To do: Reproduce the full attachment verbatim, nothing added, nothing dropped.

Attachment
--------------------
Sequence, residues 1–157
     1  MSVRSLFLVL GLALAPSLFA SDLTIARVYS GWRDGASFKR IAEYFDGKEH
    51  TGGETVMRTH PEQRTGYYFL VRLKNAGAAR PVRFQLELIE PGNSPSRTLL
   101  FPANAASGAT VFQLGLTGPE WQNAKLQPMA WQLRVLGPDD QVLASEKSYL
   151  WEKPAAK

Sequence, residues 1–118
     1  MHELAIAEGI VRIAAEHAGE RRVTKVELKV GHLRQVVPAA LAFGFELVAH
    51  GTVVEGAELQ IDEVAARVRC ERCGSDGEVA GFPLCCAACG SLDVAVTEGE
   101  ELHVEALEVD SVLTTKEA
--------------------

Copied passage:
Sequence, residues 1–157
     1  MSVRSLFLVL GLALAPSLFA SDLTIARVYS GWRDGASFKR IAEYFDGKEH
    51  TGGETVMRTH PEQRTGYYFL VRLKNAGAAR PVRFQLELIE PGNSPSRTLL
   101  FPANAASGAT VFQLGLTGPE WQNAKLQPMA WQLRVLGPDD QVLASEKSYL
   151  WEKPAAK

Sequence, residues 1–118
     1  MHELAIAEGI VRIAAEHAGE RRVTKVELKV GHLRQVVPAA LAFGFELVAH
    51  GTVVEGAELQ IDEVAARVRC ERCGSDGEVA GFPLCCAACG SLDVAVTEGE
   101  ELHVEALEVD SVLTTKEA